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Entries in gaharu (2)


Agarwood II

More shots from the agarwood factory outside of Pak Kading in Laos (see Agarwood). Truly a wondrous and incredibly photogenic place. To illustrate the basic workflow in the factory, the raw material (shown above in the background) is first choppped into small pieces (mid-frame) and allowed to dry in the sun for several days. Under the watchful eyes of several (plastic) bodhisattvas in the colorful altar.

A slurry is made from the wood pieces and this is allowed to brew for several more days. This slurry is then distilled using a wood fire (logs are slowly fed into the firebox) in a large brick furnace. 

The final distillate is collected in an intriguing piece of glassware (burette?) straight out of a Victorian chemistry lab. [NOTE: The color of the sky and the wispy clouds shown in the first image give some idea of the amazing weather experienced during this trip to Laos. Counting rattans in a light sweater. No bugs. This is about as good as it gets].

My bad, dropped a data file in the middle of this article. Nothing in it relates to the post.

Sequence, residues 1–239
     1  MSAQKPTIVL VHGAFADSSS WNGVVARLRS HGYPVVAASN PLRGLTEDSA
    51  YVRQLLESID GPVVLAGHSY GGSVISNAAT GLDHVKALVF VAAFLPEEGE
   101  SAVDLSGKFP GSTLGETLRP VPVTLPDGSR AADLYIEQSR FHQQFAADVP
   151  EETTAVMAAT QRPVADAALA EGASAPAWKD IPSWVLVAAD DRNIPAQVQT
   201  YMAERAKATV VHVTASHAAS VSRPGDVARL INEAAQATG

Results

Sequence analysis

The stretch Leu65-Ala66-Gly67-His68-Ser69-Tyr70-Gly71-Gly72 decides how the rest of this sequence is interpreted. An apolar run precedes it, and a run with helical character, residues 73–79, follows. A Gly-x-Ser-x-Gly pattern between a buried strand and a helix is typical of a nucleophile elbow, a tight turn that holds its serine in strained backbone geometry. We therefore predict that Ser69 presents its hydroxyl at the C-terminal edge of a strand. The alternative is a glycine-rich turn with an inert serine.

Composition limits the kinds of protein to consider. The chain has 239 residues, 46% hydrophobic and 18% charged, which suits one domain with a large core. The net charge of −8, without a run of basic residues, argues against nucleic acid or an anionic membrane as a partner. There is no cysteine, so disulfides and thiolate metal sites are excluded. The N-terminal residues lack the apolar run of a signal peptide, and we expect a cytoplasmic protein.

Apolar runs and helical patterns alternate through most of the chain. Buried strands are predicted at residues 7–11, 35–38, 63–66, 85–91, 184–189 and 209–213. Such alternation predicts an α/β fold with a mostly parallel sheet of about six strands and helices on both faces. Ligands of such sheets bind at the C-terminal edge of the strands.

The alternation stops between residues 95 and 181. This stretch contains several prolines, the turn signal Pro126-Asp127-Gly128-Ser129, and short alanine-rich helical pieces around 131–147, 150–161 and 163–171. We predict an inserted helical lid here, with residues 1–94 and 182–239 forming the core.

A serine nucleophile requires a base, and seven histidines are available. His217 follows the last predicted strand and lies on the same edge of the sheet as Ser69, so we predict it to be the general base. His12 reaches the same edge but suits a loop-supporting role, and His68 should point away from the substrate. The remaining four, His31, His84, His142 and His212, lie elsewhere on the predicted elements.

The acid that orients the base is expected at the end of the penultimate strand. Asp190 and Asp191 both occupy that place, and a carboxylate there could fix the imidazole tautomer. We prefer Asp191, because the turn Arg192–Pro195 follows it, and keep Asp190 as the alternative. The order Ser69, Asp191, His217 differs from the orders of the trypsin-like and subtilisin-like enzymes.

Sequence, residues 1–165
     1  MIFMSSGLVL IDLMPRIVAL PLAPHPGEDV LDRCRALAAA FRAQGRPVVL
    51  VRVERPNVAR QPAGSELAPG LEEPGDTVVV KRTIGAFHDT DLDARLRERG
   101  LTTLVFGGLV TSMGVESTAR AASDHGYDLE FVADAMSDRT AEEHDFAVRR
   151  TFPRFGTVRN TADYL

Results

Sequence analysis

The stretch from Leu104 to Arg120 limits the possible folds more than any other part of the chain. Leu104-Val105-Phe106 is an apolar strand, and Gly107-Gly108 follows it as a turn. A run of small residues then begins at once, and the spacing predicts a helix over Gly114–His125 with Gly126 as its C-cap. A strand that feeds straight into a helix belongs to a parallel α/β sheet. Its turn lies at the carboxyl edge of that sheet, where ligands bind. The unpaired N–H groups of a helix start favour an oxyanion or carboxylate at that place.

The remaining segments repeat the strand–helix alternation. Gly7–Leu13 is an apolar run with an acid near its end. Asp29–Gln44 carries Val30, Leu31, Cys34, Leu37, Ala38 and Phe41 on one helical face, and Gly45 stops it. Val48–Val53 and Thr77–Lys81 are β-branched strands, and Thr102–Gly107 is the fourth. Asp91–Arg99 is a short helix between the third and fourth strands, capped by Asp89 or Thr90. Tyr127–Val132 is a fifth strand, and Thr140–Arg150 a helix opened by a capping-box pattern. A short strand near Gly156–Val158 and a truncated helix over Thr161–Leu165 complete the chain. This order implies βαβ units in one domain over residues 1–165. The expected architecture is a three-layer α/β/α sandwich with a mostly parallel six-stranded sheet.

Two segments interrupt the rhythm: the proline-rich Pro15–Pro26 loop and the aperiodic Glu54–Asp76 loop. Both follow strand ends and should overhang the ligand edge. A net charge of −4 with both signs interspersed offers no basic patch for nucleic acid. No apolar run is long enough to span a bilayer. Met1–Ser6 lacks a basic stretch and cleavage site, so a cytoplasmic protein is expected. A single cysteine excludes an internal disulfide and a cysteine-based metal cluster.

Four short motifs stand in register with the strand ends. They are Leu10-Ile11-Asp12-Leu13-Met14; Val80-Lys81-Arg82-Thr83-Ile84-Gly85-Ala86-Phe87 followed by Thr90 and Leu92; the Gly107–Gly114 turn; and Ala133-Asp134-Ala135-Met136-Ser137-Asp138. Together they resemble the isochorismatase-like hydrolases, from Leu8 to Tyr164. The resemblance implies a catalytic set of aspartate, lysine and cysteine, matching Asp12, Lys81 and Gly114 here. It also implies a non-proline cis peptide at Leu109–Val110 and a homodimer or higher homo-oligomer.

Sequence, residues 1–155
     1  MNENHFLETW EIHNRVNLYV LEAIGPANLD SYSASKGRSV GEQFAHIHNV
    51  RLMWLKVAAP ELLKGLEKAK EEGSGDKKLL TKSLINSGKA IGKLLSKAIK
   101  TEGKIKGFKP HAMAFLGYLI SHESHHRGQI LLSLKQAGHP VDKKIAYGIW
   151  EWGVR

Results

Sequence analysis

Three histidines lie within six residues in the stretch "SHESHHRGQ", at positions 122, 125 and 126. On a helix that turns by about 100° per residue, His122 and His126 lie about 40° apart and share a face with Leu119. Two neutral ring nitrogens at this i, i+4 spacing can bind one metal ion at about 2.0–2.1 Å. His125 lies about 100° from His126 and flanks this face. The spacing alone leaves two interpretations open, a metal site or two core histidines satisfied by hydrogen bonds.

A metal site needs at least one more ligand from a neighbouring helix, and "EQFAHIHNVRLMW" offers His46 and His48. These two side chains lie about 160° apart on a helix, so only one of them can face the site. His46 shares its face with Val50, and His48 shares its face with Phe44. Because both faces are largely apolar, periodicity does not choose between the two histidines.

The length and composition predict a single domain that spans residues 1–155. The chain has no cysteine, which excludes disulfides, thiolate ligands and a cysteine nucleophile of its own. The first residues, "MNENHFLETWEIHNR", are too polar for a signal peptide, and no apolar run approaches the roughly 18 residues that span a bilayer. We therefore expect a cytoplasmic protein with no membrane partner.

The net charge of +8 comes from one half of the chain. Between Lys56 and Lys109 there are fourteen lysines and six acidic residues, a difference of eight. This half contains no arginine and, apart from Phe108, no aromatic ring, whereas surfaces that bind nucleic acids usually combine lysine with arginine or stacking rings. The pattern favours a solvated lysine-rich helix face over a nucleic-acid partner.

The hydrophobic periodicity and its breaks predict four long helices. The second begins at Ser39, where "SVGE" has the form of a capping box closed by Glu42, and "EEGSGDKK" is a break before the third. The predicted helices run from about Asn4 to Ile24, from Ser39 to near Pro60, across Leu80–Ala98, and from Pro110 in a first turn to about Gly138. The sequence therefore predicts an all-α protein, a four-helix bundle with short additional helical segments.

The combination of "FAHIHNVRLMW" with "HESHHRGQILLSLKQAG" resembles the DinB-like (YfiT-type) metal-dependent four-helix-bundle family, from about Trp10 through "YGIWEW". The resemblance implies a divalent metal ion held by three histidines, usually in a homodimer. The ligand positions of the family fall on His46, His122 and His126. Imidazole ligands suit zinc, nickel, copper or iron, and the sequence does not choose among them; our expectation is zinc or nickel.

Agarwood, or gaharu, is the name of the blackened, fungal-infected heartwood of several species of Aquilaria trees in Southeast Asia. The resinous wood is an extremely valuble forest product used for incense and perfumes. Once an infected Aquilaria tree is located in the forest, the tree is felled and the heartwood chopped into small pieces (shown above). This material is then fermented in a solvent for several days and then distilled to extract the essential oil. The image below is from the agarwood plant in Pak Kading, the largest facility of its type in Laos.

The inability to tell whether an Aquilaria tree has been infected  by the fungus or not has led collectors to fell any gaharu tree that they find, and wild populations of this species are, as a result, severely threatened by over-harvesting. The species is currently included in Appendix II of  the CITES list.  [NOTE: Most of the agarwood processed in Laos comes from inoculated material grown in plantations].